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Trenching Excavation

All trenches deeper than five feet are required to have means of protecting the worker in the trench. Various methods exist such as shoring or benching of the trench to prevent a cave-in onto the employee. Training will cover the necessary requirements for this activity. This course will describe in detail OSHA’s Standard - Subpart P - Excavations.

This course includes the definitions to this subpart along with specific excavation requirements, requirements for

protective systems, soil classifications, sloping and benching, timber shoring for trenches, aluminum hydraulic shoring , alternatives, and the selection of protective systems.

A few important facts… Many people don’t appreciate the weight of soil. One cubic foot of soil weighs between 90 and 140 pounds. Just one cubic yard of soil (27 cubic feet), weighs between 2,430 and 3,780 pounds.

The "Competent Person" OSHA requires that a "Competent Person" is present on a job site whenever workers are exposed in an excavation. There are two parts to the definition of a "Competent Person."

OSHA goes on to say: "When applied to trenching or excavation operations, the ‘Competent Person’ must have specific training in, and be knowledgeable about, soils analysis, the use of protective systems, and the requirements of this standard."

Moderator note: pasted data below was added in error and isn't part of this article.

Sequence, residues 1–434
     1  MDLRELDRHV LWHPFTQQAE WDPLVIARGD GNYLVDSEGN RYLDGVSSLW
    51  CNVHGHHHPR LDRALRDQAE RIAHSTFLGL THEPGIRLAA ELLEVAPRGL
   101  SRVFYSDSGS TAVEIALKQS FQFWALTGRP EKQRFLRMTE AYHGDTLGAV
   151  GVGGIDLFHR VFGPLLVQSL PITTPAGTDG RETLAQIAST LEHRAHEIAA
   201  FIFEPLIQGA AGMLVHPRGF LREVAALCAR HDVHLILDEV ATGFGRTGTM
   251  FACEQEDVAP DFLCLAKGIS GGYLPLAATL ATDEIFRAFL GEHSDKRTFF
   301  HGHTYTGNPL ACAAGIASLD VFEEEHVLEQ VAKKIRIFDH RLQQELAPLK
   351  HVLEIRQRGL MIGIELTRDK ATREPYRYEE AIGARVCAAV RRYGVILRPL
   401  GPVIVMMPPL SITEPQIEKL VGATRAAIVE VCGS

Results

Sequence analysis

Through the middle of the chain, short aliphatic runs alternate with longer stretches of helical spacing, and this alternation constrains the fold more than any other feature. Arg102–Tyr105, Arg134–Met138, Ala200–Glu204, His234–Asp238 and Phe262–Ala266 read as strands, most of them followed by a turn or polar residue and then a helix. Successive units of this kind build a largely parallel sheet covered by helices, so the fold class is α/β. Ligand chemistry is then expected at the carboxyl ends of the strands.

The Objective of training To help prepare you to serve as a "Competent Person" on a job site. The responsibilities of a "Competent Person" include: 6. Visual and manual tests of the soil (1926 Appendix A)


"This rule will save lives of construction workers. Unlike most general industry worksites, construction sites are continually evolving, with the number and characteristics of confined spaces changing as work progresses. This rule emphasizes training, continuous worksite evaluation and communication requirements to further protect workers’ safety and health."

Confined spaces – such as manholes, crawl spaces, and tanks – are not designed for continuous occupancy and are difficult to exit in the event of an emergency. People working in confined spaces face life-threatening hazards including toxic substances, electrocutions, explosions, and asphyxiation.

This webpage contains information on the new regulation, compliance assistance documents, and other resources OSHA has to help employers and workers understand the rule. OSHA will continue to publish new guidance products in the coming months, and will post them here. Please check the website often for updates.

Construction workers often perform tasks in confined spaces - work areas that (1) are large enough for an employee to enter, (2) have limited means of entry or exit, and (3) are not designed for continuous occupancy.

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